An example of a minor avulsion is known as a meander cutoff, where the high-sinuosity meander bend is abandoned in favour of the high-slope (i.e. Large bending meander has river cut through a straighter course, and the meander has water drain away) This occurs when the ratio between the channel slope and the potential slope after an avulsion is less than about 1/5.
Avulsion typically occurs during large floods which carry the power necessary to rapidly change the landscape. Dam removal could also lead to avulsion.
Avulsions usually occur as a downstream to upstream process via head cutting erosion. If a bank of a current stream is breached a new trench will be cut into the existing floodplain. It either cuts through floodplain deposits or reoccupies an old channel.
Avulsions have been investigated in deltas or coastal plain channels as a result of obstructions such as log-jams and possible tectonic influences.
A levee, dike, dyke, embankment, floodbank or stopbank is an elongated naturally occurring ridge or artificially constructed fill or wall that regulates water levels. It is usually earthen and often parallel to the course of a river in its floodplain or along low-lying coastlines.
Sediment is a naturally occurring material that is broken down by processes of weathering and erosion, and is subsequently transported by the action of wind, water, or ice or by the force of gravity acting on the particles. For example, sand and silt can be carried in suspension in river water and on reaching the sea bed deposited by sedimentation. If buried, they may eventually become sandstone and siltstone through lithification.
Geomorphology is the scientific study of the origin and evolution of topographic and bathymetric features created by physical, chemical or biological processes operating at or near the Earth's surface. Geomorphologists seek to understand why landscapes look the way they do, to understand landform history and dynamics and to predict changes through a combination of field observations, physical experiments and numerical modeling. Geomorphologists work within disciplines such as physical geography, geology, geodesy, engineering geology, archaeology, climatology and geotechnical engineering. This broad base of interests contributes to many research styles and interests within the field.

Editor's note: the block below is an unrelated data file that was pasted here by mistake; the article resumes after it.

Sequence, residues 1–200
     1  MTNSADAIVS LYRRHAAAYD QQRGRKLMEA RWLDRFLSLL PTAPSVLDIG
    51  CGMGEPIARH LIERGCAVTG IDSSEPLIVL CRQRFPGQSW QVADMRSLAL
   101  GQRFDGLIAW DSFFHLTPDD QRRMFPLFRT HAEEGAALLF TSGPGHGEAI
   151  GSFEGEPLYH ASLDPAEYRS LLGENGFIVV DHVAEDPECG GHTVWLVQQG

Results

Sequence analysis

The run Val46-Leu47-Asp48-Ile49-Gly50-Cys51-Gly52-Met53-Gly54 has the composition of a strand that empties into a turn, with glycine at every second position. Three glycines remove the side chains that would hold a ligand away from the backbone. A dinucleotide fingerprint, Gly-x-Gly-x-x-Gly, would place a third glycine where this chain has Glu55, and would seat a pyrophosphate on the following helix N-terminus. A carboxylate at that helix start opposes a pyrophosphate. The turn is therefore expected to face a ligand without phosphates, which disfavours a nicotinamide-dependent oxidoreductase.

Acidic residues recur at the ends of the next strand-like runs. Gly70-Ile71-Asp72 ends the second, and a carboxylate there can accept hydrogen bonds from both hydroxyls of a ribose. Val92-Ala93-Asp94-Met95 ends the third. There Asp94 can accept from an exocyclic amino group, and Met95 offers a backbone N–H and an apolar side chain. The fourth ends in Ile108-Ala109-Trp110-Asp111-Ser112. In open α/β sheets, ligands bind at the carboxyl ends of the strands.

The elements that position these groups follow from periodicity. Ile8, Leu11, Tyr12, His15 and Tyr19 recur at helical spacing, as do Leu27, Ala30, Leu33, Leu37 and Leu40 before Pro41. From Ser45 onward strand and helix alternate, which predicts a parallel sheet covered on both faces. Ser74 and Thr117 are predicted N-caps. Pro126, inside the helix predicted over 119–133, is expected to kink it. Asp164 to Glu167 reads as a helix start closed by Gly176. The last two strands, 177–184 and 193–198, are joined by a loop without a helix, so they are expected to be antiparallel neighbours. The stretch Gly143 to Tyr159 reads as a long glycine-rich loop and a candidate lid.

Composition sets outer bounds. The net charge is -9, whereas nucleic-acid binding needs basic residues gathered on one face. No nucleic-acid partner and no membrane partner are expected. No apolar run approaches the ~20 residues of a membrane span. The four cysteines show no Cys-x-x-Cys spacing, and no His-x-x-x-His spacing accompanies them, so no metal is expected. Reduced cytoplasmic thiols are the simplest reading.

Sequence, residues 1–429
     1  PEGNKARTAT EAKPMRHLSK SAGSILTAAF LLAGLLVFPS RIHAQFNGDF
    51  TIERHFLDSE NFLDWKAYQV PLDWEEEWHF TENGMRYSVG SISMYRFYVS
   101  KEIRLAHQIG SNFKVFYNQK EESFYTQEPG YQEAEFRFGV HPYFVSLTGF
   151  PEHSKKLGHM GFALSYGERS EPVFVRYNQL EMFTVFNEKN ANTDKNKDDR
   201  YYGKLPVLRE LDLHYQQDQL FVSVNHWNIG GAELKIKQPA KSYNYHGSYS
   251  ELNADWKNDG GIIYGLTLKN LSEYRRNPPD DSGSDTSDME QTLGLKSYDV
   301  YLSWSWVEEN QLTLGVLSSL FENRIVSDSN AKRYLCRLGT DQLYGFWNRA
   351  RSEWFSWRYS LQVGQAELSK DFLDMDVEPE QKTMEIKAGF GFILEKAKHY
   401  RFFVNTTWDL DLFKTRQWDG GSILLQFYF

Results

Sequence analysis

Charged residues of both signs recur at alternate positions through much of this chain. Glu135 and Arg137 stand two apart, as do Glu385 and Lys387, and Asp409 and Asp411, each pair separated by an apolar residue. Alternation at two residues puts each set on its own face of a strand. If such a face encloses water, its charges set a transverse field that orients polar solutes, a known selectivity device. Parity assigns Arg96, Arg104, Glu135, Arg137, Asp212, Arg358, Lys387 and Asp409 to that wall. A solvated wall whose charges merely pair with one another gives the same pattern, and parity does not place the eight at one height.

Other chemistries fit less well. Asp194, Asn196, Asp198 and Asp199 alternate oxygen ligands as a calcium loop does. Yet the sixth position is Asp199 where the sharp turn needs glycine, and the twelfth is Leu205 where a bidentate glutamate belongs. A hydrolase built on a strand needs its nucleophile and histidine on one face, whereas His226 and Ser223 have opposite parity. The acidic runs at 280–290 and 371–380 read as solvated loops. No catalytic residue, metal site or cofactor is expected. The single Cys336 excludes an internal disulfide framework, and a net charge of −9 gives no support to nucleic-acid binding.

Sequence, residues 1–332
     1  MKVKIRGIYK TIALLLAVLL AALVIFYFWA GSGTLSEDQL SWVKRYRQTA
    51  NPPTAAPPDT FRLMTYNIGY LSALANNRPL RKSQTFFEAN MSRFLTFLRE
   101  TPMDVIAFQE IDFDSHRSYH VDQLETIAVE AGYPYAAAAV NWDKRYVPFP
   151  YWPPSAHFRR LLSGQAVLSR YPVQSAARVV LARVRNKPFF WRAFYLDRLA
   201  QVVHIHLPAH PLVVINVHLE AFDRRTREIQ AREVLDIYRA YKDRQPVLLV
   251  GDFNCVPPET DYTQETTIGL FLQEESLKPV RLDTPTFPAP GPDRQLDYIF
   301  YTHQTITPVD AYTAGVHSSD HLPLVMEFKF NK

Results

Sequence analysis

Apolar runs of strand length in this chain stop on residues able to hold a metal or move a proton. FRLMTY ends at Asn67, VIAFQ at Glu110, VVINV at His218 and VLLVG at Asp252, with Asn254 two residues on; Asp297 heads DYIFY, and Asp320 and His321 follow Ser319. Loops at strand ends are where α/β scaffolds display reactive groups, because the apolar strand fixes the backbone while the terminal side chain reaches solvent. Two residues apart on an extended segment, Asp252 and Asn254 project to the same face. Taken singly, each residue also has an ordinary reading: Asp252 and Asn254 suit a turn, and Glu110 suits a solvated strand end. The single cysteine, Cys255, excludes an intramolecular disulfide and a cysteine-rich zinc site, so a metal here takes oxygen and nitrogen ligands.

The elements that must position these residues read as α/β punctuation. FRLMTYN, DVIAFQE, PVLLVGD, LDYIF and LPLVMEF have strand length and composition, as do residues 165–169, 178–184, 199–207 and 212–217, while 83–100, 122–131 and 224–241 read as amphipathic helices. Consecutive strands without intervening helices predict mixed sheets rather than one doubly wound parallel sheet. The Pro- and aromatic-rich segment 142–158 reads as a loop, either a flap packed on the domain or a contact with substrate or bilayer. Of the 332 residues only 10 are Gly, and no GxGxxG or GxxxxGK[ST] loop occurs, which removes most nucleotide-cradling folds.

A braided river, or braided channel, consists of a network of river channels separated by small, often temporary, islands called braid bars or, in English usage, aits or eyots. Braided streams tend to occur in rivers with high sediment loads and/or coarse grain sizes, and in rivers with steeper slopes than typical rivers with straight or meandering channel patterns. They are also associated with rivers with rapid and frequent variation in the amount of water they carry, i.e., with "flashy" rivers, and with rivers with weak banks. Braided channels are found in a variety of environments all over the world, including gravelly mountain streams, sand bed rivers, on alluvial fans, on river deltas, and across depositional plains.
A river delta is a landform created by deposition of sediment that is carried by a river as the flow leaves its mouth and enters slower-moving or stagnant water. This occurs where a river enters an ocean, sea, estuary, lake, reservoir, or another river that cannot carry away the supplied sediment. The size and shape of a delta is controlled by the balance between watershed processes that supply sediment, and receiving basin processes that redistribute, sequester, and export that sediment. The size, geometry, and location of the receiving basin also plays an important role in delta evolution. River deltas are important in human civilization, as they are major agricultural production centers and population centers. They can provide coastline defense and can impact drinking water supply. They are also ecologically important, with different species' assemblages depending on their landscape position.